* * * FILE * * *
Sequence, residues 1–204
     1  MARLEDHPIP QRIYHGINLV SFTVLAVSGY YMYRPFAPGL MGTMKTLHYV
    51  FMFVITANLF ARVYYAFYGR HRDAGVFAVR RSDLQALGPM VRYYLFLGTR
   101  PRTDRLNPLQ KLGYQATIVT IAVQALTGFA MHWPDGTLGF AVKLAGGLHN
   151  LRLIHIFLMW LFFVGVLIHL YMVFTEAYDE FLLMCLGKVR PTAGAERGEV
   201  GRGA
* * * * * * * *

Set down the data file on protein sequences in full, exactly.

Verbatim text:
Sequence, residues 1–204
     1  MARLEDHPIP QRIYHGINLV SFTVLAVSGY YMYRPFAPGL MGTMKTLHYV
    51  FMFVITANLF ARVYYAFYGR HRDAGVFAVR RSDLQALGPM VRYYLFLGTR
   101  PRTDRLNPLQ KLGYQATIVT IAVQALTGFA MHWPDGTLGF AVKLAGGLHN
   151  LRLIHIFLMW LFFVGVLIHL YMVFTEAYDE FLLMCLGKVR PTAGAERGEV
   201  GRGA